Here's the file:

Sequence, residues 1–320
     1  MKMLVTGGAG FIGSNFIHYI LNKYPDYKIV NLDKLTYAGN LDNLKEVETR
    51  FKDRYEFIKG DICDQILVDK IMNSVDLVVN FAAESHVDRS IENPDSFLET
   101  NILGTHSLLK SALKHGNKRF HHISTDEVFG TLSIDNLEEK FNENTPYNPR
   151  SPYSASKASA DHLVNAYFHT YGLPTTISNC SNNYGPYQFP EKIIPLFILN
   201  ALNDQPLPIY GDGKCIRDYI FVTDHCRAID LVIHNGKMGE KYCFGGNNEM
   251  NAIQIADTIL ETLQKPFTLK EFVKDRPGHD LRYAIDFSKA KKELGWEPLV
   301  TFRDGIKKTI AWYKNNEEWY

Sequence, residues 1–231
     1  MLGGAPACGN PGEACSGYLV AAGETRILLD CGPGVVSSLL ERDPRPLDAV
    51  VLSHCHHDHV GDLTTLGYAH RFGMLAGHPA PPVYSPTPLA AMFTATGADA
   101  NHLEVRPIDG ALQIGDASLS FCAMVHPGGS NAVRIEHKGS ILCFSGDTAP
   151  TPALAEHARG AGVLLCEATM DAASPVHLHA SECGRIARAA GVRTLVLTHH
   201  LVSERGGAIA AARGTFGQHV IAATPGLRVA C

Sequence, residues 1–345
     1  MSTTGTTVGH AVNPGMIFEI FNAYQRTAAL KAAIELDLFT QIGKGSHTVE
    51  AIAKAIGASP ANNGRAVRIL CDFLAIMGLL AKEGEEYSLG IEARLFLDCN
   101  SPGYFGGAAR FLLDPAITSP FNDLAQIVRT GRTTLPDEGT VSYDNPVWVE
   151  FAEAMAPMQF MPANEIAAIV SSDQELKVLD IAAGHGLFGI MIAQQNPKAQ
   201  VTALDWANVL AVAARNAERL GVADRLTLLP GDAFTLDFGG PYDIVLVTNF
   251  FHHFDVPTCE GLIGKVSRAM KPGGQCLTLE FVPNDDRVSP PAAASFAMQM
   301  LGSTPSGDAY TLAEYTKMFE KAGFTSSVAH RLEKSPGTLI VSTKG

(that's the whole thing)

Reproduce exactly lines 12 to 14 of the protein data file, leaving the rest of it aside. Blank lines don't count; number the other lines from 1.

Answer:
   101  NHLEVRPIDG ALQIGDASLS FCAMVHPGGS NAVRIEHKGS ILCFSGDTAP
   151  TPALAEHARG AGVLLCEATM DAASPVHLHA SECGRIARAA GVRTLVLTHH
   201  LVSERGGAIA AARGTFGQHV IAATPGLRVA C